The United Nations Environment Programme (UNEP), the Fondation Nicolas Hulot (FNH) and the International Urban Food Network (IUFN) have produced a short film that explains why there is an urgent need for action towards more sustainable food systems. It was produced as part of the Climate Change Urban Food Initiative launched in late 2015 by UNEP, FNH, IUFN.
It’s worth a few minutes of your time – you can see it here
20 April 2016: Addressing Policy Challenges for more sustainable Local–Global Food Chains: Policy Frameworks and Possible Food “Futures”Posted: April 20, 2016
We have published a new open access article in the journal Sustainability http://www.mdpi.com/2071-1050/8/4/299 . In the article we consider how policy can address the local–global within a wider commitment to food sustainability and draw on research conducted for the EU-funded GLAMUR project (http://glamur.eu/). We suggest the findings can help support policymakers as they consider the effects and value of using multi-criteria interventions.
You can read the full text and download the PDF here: Sustainability 2016, 8(4), 299; doi:10.3390/su8040299
Supply Chainge – a campaign organised by a group of civil society organizations from across Europe and the Global South that aims to make supermarket store brands (sometimes known as ‘own brands’ or ‘private labels’) fairer and more sustainable – is asking for entries to a photo competition from EU-residents.
While the campaign is asking retailers to implement changes in their supply chains, the photo competition is asking consumers to share their vision of a better world and a more sustainable retailer industry. You can see examples of the types of photographs they are looking for and how to enter (deadline 31 July) here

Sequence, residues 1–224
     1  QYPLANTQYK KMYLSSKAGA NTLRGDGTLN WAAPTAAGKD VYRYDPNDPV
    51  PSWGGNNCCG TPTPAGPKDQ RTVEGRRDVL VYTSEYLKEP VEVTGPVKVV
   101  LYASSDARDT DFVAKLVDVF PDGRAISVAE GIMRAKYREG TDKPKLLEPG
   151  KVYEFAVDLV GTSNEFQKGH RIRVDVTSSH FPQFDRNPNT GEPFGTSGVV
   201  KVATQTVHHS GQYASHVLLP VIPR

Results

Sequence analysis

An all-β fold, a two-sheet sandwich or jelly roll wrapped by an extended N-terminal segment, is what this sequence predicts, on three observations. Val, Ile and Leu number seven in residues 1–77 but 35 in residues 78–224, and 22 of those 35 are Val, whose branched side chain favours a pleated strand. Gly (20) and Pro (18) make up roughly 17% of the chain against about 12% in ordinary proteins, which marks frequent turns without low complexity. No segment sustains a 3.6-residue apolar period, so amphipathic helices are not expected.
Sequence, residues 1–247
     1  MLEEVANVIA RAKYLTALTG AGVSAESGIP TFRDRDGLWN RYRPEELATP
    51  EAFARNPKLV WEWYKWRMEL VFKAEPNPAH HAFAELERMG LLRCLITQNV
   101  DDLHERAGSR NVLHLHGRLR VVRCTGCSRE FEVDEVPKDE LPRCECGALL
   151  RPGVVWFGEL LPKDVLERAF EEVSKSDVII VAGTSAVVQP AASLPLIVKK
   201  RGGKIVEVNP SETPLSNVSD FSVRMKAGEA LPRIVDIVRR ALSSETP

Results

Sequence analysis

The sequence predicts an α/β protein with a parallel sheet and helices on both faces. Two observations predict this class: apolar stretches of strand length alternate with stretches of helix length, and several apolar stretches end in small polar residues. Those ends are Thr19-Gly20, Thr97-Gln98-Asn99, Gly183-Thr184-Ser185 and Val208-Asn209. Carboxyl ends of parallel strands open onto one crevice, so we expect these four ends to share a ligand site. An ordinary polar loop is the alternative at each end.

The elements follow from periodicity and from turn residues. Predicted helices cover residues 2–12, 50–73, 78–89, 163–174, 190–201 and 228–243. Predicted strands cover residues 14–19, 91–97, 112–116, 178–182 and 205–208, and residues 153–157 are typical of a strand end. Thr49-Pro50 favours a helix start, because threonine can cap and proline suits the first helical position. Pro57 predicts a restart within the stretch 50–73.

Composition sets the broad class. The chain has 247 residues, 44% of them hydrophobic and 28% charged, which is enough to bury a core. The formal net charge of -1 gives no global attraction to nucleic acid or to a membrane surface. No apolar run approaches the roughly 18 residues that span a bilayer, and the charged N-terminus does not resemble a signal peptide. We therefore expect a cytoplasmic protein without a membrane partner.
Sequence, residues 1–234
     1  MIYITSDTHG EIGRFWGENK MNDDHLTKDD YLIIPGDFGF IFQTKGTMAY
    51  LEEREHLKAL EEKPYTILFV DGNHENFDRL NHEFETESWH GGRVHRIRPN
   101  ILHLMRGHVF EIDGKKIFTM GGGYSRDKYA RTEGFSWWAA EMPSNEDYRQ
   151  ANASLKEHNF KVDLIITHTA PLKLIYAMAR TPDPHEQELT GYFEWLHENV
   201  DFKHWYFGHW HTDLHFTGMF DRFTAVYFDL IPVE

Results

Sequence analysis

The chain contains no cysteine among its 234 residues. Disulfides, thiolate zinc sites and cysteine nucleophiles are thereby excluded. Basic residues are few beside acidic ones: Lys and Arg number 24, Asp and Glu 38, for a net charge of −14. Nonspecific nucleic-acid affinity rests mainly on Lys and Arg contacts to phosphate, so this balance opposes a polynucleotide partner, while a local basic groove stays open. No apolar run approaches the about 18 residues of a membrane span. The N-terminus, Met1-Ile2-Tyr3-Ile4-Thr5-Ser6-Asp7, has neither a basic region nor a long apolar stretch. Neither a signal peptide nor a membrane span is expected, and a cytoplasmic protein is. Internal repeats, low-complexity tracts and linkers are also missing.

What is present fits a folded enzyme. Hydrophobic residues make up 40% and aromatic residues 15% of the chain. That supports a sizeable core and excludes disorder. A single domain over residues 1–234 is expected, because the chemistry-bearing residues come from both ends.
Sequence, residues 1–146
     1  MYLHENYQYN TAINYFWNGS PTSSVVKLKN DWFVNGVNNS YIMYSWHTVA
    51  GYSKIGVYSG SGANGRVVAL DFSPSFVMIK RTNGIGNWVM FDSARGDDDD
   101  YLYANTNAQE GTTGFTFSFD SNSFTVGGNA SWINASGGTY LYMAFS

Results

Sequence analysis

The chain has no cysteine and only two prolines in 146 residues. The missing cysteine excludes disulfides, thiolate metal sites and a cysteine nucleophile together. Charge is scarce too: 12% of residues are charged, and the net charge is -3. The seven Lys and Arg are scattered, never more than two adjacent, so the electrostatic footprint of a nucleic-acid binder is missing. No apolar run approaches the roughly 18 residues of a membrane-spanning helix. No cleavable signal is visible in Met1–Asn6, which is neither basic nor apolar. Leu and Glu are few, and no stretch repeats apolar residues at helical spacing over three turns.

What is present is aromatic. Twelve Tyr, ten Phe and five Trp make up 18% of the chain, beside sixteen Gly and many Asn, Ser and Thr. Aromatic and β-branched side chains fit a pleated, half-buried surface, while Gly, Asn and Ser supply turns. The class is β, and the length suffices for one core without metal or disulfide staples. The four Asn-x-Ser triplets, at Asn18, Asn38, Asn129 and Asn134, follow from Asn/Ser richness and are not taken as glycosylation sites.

Then get your friends to vote on the entries – including your own! First prize is a trip for two to the Milan EXPO in October – you can read the details here
I can already see some food market entries….
Recent research conducted in the US on Community Supported Agriculture (CSA) in Massachusetts by Mark Paul is reported on the Civil Eats website. As the article says:
CSA describes a long-term economic arrangement between farmers and eaters that cuts out the middlemen. How does it work? CSA members pay the farmer before the growing season begins, thus providing working capital for the farm. In turn, the farmer provides members with weekly produce representing a share of the harvest throughout the growing season.
With at least 6,200 known CSA farms reported in 2014 (with only 2 reported in1986), the article discusses why there has been this incredible growth – especially outside the mainstream commodity market for small and mid-scale farmers – and asks about the future.
A few notable points are:
– CSA farms struggle within the larger market and policy environment, and farmers struggle to pay farmworkers a living wage;
– CSA farms can spread risks associated with crop failure by growing a range of crops and varieties – thus providing crop rotation patterns with a guaranteed market from the members;
– CSA farm structures reduce farmers’ reliance on bank loans;
– CSA is encouraging young and new farmers, and especially women, interested in sustainability into the business.
One conclusion from the research is that:
The central challenges facing CSA moving forward are providing fair compensation to farmers and farm workers, while making shares available at prices that can attract more members of the community.
Women are the backbone of farming and market trading in the developing world – see for example, http://www.farmingfirst.org/portal/gender/ and this blog (7 April) – but I was interested to see that in 2012, there were reports of a rapid rise in women farmers in the UK – according to the BBC, ‘figures from the Office for National Statistics suggest that there are 23,000 female farmers in the UK. There are 119,000 men, but nine or 10 years ago there were virtually no women farmers’.
The situation appears to be different in the US where the National Sustainable Agriculture Coalition reports that USDA Census data for 2012 shows a 6% decrease in women farmers over the previous 5 years. However, women farmers seem to be raising their profile and getting organised. A couple of examples I have found that link this to the US sustainable food movement are: http://grist.org/people/meet-the-women-who-grow-your-food/ and http://www.farmerjane.org/book-women.html
I am wondering what research there is post 2012 on the number of women in farming and market trading in the UK and Europe more widely – for example, are more women running the 97% of European farms operating as family farms? And how does this impact on fresh food market trading and on sustainability?